Two years ago, a small support group first met in Cambridge, Mass. Known as Habesha, its parent members immigrated from the Horn of Africa, specifically Eritrea and Ethiopia. Most parents are caring for children with complex medical needs. They talked about their challenges in caring for the health, educational, and social needs of the whole family in the United States. Complicated schedules, winter’s cold, and medical situations forced the group to shift to monthly conference calls, with quarterly in-person meetings in the Boston area. Parents expanded their network with friends from out of state. Membership has grown to 40 families, including from Somalia and Kenya. Topics are chosen by members’ need. Topics include managing challenging behaviors among children with Autism Spectrum Disorders, compassionate care for children who have chronic pain, balancing life demands, emergency preparedness, and appreciating their children’s place in their lives and each other’s support. Learn more about Habesha from local group leader Sara Asmerom at Family TIES of Massachusetts: firstname.lastname@example.org.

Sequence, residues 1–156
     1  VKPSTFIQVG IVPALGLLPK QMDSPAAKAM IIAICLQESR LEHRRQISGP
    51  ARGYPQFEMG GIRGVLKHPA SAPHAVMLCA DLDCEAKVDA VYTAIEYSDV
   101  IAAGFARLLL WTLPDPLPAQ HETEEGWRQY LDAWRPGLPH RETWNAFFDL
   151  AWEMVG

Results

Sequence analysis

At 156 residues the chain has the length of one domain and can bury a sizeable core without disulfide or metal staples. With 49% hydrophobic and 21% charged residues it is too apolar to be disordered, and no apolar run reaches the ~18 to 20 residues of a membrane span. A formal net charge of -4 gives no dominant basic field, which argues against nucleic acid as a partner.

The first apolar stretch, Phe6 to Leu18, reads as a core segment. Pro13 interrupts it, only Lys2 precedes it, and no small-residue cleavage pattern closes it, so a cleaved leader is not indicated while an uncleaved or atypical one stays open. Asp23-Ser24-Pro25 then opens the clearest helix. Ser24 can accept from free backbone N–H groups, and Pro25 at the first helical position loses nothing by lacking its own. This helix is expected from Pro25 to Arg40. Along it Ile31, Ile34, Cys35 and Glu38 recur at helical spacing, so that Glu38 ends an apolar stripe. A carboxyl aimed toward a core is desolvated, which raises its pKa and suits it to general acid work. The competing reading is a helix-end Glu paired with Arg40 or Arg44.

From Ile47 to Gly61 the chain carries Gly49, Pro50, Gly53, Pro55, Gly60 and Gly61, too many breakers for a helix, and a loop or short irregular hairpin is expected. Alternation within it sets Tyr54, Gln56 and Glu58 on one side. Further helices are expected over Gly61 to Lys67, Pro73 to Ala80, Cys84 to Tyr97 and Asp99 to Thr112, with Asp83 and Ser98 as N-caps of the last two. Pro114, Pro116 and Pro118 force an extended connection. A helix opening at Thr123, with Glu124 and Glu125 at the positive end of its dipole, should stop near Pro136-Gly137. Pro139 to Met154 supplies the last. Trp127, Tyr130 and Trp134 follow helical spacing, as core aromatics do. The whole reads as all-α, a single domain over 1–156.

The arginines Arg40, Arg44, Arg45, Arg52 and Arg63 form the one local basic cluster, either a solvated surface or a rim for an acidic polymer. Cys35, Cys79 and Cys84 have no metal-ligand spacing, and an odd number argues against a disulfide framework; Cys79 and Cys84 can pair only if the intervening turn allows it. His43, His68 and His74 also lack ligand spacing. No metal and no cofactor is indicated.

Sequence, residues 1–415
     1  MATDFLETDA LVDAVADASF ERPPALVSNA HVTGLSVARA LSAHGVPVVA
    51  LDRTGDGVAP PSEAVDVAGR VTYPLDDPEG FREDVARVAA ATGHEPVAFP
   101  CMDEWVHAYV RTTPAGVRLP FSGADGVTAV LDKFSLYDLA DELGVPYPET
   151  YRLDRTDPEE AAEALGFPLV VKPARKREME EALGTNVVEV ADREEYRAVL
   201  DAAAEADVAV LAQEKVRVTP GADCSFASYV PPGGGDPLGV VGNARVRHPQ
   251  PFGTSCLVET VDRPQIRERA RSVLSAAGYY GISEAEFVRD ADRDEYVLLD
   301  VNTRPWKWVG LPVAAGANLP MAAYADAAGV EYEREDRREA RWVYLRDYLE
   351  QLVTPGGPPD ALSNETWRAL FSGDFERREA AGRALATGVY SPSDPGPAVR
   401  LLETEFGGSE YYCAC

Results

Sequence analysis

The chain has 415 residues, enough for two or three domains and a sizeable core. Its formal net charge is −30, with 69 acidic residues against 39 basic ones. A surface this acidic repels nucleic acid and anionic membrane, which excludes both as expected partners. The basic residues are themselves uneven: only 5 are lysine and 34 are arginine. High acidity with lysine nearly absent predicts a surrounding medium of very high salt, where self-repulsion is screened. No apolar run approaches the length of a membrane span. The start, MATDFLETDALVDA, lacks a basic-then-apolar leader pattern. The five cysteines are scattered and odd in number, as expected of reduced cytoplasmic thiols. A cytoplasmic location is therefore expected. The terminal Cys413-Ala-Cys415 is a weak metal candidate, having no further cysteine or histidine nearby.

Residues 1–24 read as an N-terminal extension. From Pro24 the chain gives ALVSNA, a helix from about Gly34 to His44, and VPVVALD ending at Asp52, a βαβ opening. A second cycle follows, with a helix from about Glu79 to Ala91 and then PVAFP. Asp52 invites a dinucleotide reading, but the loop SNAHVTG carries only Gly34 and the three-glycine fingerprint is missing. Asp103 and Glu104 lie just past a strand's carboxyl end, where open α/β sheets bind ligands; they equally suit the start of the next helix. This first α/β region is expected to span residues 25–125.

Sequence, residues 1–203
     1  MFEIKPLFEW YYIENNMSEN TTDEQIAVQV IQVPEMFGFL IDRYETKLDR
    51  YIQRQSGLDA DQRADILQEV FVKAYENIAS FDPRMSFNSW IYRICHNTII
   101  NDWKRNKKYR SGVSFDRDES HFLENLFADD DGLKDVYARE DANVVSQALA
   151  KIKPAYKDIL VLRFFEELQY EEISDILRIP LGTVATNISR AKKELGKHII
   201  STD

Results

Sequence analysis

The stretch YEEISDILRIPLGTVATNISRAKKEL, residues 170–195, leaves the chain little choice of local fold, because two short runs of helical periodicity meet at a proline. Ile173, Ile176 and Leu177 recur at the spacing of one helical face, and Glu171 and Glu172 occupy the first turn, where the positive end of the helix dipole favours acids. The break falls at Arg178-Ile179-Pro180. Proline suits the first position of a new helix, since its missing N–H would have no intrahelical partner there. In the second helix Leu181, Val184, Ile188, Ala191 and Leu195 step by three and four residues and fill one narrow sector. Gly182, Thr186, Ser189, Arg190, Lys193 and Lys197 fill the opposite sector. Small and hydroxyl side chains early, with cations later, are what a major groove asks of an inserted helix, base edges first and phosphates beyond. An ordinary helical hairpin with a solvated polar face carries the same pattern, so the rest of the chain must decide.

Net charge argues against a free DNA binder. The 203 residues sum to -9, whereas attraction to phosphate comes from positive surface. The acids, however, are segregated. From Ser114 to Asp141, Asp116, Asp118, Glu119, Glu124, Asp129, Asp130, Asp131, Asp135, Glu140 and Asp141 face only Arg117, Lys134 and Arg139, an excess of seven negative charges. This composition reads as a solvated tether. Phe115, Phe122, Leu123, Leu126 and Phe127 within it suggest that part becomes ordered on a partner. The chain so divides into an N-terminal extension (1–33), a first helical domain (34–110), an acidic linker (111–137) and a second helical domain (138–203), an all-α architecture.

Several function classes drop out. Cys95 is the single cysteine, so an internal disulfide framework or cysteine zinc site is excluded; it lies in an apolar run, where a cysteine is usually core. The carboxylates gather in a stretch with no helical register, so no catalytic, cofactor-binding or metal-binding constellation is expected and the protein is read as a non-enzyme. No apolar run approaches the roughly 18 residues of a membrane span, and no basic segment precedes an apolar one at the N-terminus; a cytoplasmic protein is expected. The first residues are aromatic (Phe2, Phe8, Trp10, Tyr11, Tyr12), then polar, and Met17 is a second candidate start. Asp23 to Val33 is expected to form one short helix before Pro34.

The Federation for Children with Special Needs hosts a support group for Brazilian parents in the Boston area led by Rhea Tavares Smith, Outreach and Training Specialist for Portuguese-speaking parents. Group members are committed to each other, the emotional support they share, and the practical skills that enhanced their lives. The group continues to grow. Their dedication was clear at the recent Visions of Community conference, when 40 members enjoyed a day of learning and togetherness. This success is a tribute to Rhea’s spirit and the importance of finding emotional support for parents of children with special needs. Contact the Federation’s PTI to learn more and join the group: 617-236-7210, Ext. 329.
The Family TIES Parent-to-Parent Program connects families who have similar parenting experiences around special needs. The P2PUSA network has expanded our capacity to support families of children with rare genetic conditions and less-common or complex medical needs. Call to learn more about finding emotional supports: 800-905-TIES (8437).